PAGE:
Weighted Average Lease Expiry (WALE)

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Weighted Average Lease Expiry (or weighted average lease to expiry), is a metric used to measure a property portfolio's risk of going vacant. It is measured in years, and is more commonly referred to by its abbreviation, WALE.

One of the bigger risks of managing commercial properties is vacancy. When a property, or parts of a property, is left vacant for too long, property income and distribution to shareholders will be affected. This is where the metric WALE comes in handy as an assessment tool.

WALE is used to measure the overall tenancy risks of a particular property with multiple tenants and is used by REIT investors to assess the likelihood of a property or a group of properties in being vacated. In other parts of the world, other abbreviations such as WALT (Weighted Average Lease Term) and WAULT (Weighted Average Unexpired Lease Term) are sometimes used but they practically refer to the same concept. In the Asia Pacific region, investors are more accustomed to WALE.

WALE is measured across all tenants’ remaining lease in years and is weighted with either the tenant’s occupied area or the tenant’s income against the total combined area or income of the other tenants.

An anchor tenant that occupies large sections of a building can skew the WALE for the property either upwards or downwards, depending on how long a lease the tenant has agreed to. Consider an example of a building with 3 different tenants, each with differing lease terms:

Tenant 1: Occupies 10% of rentable area (lease expires in 5 years)
Tenant 2: Occupies 70% of rentable area (lease expires in 6 years)
Tenant 3: Occupies 20% of rentable area (lease expires in 3 years)

Therefore the Weighted Average Lease to Expiry for this property is:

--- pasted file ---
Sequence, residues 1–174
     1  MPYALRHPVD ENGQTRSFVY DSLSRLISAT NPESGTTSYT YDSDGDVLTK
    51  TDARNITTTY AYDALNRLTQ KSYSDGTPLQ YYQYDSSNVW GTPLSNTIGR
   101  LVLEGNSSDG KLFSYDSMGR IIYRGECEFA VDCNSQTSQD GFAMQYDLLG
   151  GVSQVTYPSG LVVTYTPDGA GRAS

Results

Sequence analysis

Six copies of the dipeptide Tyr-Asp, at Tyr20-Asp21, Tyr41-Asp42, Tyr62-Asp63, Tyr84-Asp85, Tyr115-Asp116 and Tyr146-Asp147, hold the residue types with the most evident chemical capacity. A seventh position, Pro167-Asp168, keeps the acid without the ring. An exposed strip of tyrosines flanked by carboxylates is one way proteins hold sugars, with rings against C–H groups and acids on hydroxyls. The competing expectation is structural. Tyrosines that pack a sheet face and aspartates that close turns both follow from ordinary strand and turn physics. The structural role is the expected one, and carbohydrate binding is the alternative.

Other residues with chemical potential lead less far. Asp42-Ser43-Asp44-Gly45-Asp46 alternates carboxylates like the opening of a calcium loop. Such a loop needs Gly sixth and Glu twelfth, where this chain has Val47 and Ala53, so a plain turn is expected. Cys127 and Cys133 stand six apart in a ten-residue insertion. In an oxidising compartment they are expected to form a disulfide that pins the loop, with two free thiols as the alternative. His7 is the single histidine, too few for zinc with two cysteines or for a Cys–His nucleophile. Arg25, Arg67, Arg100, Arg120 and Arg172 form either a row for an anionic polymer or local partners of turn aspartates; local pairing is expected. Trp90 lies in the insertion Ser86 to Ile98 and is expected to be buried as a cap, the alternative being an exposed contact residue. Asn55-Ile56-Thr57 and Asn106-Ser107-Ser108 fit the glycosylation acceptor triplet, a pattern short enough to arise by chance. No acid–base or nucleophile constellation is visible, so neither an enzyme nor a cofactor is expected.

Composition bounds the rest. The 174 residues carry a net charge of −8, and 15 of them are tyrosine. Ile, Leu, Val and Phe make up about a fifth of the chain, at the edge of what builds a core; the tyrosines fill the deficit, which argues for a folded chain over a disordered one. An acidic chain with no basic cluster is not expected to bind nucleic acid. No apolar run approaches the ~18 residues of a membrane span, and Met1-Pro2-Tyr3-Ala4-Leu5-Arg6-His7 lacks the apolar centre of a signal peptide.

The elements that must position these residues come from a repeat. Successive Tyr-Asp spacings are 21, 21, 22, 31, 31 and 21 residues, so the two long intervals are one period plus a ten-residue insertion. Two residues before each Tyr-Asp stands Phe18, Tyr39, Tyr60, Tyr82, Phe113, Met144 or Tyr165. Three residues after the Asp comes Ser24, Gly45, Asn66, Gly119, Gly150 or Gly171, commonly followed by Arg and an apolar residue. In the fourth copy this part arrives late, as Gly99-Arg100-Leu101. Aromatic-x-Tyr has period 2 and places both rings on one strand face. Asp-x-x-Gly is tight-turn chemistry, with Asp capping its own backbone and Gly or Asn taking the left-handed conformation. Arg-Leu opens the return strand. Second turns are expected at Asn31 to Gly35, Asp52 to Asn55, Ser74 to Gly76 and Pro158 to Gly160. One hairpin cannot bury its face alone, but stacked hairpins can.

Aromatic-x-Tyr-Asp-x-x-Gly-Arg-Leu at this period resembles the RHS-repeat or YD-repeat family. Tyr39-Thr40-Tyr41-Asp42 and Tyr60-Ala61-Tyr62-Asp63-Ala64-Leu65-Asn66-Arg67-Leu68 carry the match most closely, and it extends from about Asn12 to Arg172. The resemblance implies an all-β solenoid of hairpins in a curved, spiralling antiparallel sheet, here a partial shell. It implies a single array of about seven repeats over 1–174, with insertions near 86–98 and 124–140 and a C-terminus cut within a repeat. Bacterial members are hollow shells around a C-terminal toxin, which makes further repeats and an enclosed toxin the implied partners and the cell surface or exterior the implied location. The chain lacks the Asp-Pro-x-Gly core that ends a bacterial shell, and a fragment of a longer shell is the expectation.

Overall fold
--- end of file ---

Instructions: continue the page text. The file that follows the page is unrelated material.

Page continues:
(0.1 x 5) + (0.7 x 6) + (0.2 x 3) = 5.3 years

As can be seen from this example, tenants that occupy the larger spaces in a property and sign on very long leases in the building can greatly skew WALE upwards. This is why anchor tenants also receive the best rental rates in a REIT or collective property investment.

Note that Weighted Average Lease to Expiry can also be measured in terms of revenue from the building in place of rentable area. However in a majority of financial reporting by REITs and listed real estate securities, rentable area is used.

Properties with long WALEs face the least risk of vacancy. For this reason, most REIT investors are of the opinion that the longer the WALE, the better. But depending on your investment objectives, this may not necessarily be the case:

Commercial buildings with long WALE, typically of being 5 years or more, usually have the commitments of large tenants such as government departments or multinational corporations. They have little to worry about in terms of vacancy risk but larger tenants would usually mean that the property will not be able to negotiate for rent hikes as much as it can with smaller tenants. Therefore there will be a limitation in terms of internal growth.

Commercial buildings with shorter WALE, typically of between 1 to 4 years, usually have smaller businesses as their tenants who do not commit to lease terms of longer than 5 years. There is higher vacancy risk as compared to a property with larger tenants. But commercial properties like these are generally able to manifest more robust growth internally through periodic rent hikes, resulting in better growth in property income.

But do bear in mind that commercial properties with shorter WALE may face higher costs in terms of leasing agent fees, advertising fees and legal fees.

So if robust internal income growth is your preference, REITs with long WALE may not exactly work in your favour. But if you are after predictability and stability of income, REITs with longer WALE may be your best bet.


This entry is part of REITsWeek's glossary of REITs and real estate investment terms.

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